Sustainable Development Goals
When the sun goes down in rural India, most signs of life disappear. Lacking electricity for even basic lighting, businesses close, children can no longer play outside, or even study indoors.
This is the reality for about 40 million Indians, who live in remote villages and lack reliable access to electricity. This is more than the total number of households in Europe’s biggest economy, Germany. The year 2022, has been earmarked for India to achieve ‘24×7 Power for All’. Achieving this target would mean electrifying more than 700,000 households every month.
Tackling this challenge head on, India has made steady progress in recent years. Data from the power ministry’s GARV-2 portal suggests that the Government has electrified more than three-fourths of the remaining 18,000-plus unelectrified villages since 2014. Recently, the Government has also shifted focus from village electrification, which required only 10 percent of the households in a village to be electrified, to electrifying every household.
Efforts are also being made by institutional and private enterprises in India to consciously tap into this source of energy and meet global environmental, financial and social challenges in doing so. A social enterprise like Simpa Networks, which began operations in 2014, is one of the many social enterprises tapping into the renewable energy potential of the country. Piyush Mathur, CEO at Simpa Networks says, “Solar-powered lighting and cooling dramatically improves the quality of life for families with limited affordability and promotes economic activity by enabling small businesses.”
Addressing the concern of energy source and its affordability, the solution they offer is the pay-as-you-go model for a flexible-use solar system. Simpa’s customers make a small initial payment to get a solar electric system installed at their home or business. Customers then purchase energy days using a prepaid or pay-as-you-go mobile payment system. “Packaging the solar device with point-of-sale financing helps people with irregular incomes avail the benefits,” he says. “We also provide doorstep after-sales service, which builds confidence and increases awareness amongst customers.”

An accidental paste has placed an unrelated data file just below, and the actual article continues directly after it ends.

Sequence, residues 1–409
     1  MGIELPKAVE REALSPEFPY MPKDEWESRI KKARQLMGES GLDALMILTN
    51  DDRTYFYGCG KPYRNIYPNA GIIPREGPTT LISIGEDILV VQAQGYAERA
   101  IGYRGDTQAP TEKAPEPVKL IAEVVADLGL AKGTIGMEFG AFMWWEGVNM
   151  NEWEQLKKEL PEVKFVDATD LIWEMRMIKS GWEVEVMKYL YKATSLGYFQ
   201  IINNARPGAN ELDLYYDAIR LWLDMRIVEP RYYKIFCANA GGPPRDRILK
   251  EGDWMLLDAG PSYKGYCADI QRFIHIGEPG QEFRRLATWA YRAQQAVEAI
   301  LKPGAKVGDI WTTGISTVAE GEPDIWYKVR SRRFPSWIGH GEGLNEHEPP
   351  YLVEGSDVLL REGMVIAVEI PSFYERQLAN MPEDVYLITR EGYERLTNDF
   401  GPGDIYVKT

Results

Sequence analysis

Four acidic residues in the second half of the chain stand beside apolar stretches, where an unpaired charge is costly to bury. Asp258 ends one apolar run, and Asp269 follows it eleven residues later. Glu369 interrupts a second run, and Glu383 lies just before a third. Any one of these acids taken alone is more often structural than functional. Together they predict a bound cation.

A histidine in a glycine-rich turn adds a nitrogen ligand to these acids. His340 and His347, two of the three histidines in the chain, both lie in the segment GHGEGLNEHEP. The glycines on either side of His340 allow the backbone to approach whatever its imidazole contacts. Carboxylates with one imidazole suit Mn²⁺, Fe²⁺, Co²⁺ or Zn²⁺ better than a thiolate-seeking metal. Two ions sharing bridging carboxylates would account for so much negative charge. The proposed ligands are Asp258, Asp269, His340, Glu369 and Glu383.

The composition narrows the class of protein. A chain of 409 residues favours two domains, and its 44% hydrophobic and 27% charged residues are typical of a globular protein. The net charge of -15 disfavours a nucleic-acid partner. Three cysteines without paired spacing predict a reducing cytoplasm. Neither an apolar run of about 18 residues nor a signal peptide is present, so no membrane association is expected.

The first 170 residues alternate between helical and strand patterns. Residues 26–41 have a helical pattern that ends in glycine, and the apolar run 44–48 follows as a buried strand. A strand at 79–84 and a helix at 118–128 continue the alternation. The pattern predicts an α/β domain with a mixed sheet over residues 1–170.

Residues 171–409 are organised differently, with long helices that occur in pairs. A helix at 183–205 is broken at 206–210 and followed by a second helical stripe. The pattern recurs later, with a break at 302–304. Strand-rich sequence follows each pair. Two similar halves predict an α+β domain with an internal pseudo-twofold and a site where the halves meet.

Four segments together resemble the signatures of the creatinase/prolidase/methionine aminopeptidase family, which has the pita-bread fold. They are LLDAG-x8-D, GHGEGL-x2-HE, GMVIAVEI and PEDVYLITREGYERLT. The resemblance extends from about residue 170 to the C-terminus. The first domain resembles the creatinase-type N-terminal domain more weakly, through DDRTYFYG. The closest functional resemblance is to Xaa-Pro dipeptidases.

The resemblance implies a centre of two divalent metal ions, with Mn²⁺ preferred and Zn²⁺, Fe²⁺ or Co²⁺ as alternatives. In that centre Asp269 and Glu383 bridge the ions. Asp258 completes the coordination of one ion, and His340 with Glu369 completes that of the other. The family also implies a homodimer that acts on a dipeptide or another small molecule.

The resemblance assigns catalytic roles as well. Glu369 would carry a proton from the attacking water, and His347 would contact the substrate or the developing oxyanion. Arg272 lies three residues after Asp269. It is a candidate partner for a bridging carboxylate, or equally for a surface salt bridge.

“Simpa mimics the compelling pricing model of pre-paid mobile phones. These small payments add up towards the total purchase price and, once fully paid, the customer owns the system, enjoying clean, reliable, electricity for free,” adds Piyush. Once fully paid, the solar home system unlocks and delivers free electricity for the expected 10-year life of the product.
The model is enabled by Simpa’s patented technology platform. Simpa offers a range of Solar Home Systems, which start at 10W and go up to 600W. On the benefits of purchasing the technology, Pushpendra Singh Chauhan, a contractor from Rampur, Aligarh District in Uttar Pradesh said that he now has installed two panels and operates all his lights and fans through these. He is even considering going completely off the grid and solely on solar soon. The solar home system he possesses contains two 40W panels, three lights, one fan and two mobile charge points. The system runtime is 12 hours and has a 26Ah battery.
In addition to offering low-cost power, Simpa is also providing new economic opportunities locally. They employ about 500 people full-time, mostly employed as sales men and technicians in rural areas. They have also trained over 5000 ‘solar entrepreneurs’ or ‘Urja Mitras’, as they are called. These Urja Mitras are the local community members who sell the systems as well as guide the residents on usage. “It’s easier to find customers than it is to recruit and train Urja Mitras. “To address this, we invest in training and development programs for them and also incentivise them based on their performance,” adds Piyush.
Speak to Rakesh Chauhan, an Urja Mitra for the past three and a half years on the response from the customer and he says, “After seeing first-hand, the benefits of these systems, people are now purchasing them not only for their homes, but also for their commercial use.”
Since its inception, Simpa has sold over 7 million energy days, reached over 190 thousand people with clean power, generated over 2 million kWh of energy, and saved over 2,249 tonnes of CO2 emissions. Surfing the wave of their achievements, Piyush says that by 2019 they want to reach one million customers with solar rooftops.
On the role of the private sector in achieving the ambitious Sustainable Development Goals (SDGs), Piyush says, “The SDGs are deeply interconnected – progress on one goal can have a significant impact on progress in meeting others. This means that in order for India to reach its energy targets, we need to build strong partnerships with all stakeholders. This is where I see the UN India Business Forum play a key role in helping build a strong and renewed social contract.”